These two pictures were obtained from quite different sources, but they must have been taken by the same photographer only a few minutes apart. Can you tell which picture was taken first? We see horse-drawn floats in the 1890 Mardi Gras parade of Rex, passing the Canal Street store of Marx Bros. Furnishers & Hatters, as mule-drawn streetcars sit on the neutral ground. The next business to our left, at 101 Canal Street, is marked “C. A. Tyler's Son”. The letterboard of car number 19, on the left, is signed for the Magazine Street line. Its monitor roof is more modern than the roofs of the other streetcars in the picture, as expected for a date in the late 1880s or the early 1890s. An ornamented octagonal building, presumably a starter's house, is seen between two of the streetcars. One of the streetcars has a roof-mounted “Audubon Park” sign (a destination, not a route name, as New Orleans routes were usually named for the principal streets they traversed). Two men (or boys) have climbed the pole in the left foreground for a good view of the parade. Note the many umbrella-shaded watchers in the crowd, especially on the second-floor balconies. The shadows tell us that it isn't raining, but the sun is hot in New Orleans, even in March! — Wittemann/Albertype (upper), collection of Tim Russell (lower) (lower)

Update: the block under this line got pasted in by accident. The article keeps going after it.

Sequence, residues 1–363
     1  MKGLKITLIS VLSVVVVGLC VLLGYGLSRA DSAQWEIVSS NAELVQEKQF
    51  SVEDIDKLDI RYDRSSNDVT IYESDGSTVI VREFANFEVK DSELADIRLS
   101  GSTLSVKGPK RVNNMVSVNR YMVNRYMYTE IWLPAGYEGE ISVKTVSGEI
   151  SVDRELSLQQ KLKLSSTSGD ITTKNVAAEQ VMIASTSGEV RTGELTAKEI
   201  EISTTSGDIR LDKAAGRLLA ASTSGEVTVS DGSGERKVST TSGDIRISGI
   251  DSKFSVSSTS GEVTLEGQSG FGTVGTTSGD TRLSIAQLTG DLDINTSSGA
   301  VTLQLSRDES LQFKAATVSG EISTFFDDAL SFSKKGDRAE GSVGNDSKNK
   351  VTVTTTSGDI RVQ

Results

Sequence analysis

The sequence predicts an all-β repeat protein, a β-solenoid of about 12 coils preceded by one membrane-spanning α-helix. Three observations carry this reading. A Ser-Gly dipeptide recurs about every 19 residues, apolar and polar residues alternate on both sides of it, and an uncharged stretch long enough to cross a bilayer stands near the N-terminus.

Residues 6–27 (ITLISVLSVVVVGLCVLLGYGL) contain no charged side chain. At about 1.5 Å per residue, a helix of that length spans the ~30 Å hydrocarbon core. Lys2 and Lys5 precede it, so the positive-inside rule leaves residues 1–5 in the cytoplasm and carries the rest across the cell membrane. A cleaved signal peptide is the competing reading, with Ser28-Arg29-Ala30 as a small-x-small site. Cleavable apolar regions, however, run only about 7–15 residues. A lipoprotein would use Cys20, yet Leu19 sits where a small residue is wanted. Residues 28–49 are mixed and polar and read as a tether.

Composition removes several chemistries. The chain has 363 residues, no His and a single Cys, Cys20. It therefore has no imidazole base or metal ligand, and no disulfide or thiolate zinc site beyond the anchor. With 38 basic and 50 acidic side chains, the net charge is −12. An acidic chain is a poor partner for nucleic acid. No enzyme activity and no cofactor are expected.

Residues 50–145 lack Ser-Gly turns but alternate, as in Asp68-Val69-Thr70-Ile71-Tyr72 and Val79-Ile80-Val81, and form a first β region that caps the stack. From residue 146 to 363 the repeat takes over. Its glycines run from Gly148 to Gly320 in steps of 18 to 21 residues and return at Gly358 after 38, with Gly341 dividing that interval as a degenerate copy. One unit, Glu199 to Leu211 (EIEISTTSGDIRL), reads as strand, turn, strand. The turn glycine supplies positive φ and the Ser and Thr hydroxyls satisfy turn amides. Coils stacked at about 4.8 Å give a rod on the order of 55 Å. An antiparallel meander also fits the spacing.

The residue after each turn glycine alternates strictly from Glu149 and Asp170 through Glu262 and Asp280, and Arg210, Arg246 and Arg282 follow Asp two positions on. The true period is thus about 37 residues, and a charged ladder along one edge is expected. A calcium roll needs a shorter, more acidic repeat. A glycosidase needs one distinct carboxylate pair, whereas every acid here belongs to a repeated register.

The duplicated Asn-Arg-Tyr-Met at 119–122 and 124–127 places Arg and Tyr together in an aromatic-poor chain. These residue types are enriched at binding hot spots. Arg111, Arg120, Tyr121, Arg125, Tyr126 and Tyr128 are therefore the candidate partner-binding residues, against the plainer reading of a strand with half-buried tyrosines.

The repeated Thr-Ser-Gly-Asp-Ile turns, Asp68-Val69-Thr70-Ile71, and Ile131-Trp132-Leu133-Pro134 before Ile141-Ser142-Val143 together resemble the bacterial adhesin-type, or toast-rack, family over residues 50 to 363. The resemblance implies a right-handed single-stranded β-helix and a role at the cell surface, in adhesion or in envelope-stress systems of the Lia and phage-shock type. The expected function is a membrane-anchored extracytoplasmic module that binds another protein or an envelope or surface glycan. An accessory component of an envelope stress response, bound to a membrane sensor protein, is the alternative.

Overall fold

The Krewe of Rex for many years issued a drawing of their planned parade. The picture below is taken from their 1890 artwork, and depicts the first two floats in the parade of February 18, 1890, with the theme “Rulers of Ancient Times”: “No. 1 Title Car”, and “No. 2 His Majesty Rex-Urukh of Chaldea”. The drawings clearly match the floats in the two photos above, thus dating the photos. — Daily Picayune, February 18, 1890, from LSU Libraries Special Collections, courtesy of Tim Russell. My thanks to Tim for identifying this parade.
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